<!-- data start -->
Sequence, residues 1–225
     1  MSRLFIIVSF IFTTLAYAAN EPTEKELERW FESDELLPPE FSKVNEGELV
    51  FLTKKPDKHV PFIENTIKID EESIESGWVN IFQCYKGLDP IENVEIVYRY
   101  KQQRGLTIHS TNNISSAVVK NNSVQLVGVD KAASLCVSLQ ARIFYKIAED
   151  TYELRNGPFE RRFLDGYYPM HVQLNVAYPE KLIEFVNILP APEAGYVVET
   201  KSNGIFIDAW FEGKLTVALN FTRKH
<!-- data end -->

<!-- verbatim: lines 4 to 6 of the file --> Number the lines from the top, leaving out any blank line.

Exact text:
   101  KQQRGLTIHS TNNISSAVVK NNSVQLVGVD KAASLCVSLQ ARIFYKIAED
   151  TYELRNGPFE RRFLDGYYPM HVQLNVAYPE KLIEFVNILP APEAGYVVET
   201  KSNGIFIDAW FEGKLTVALN FTRKH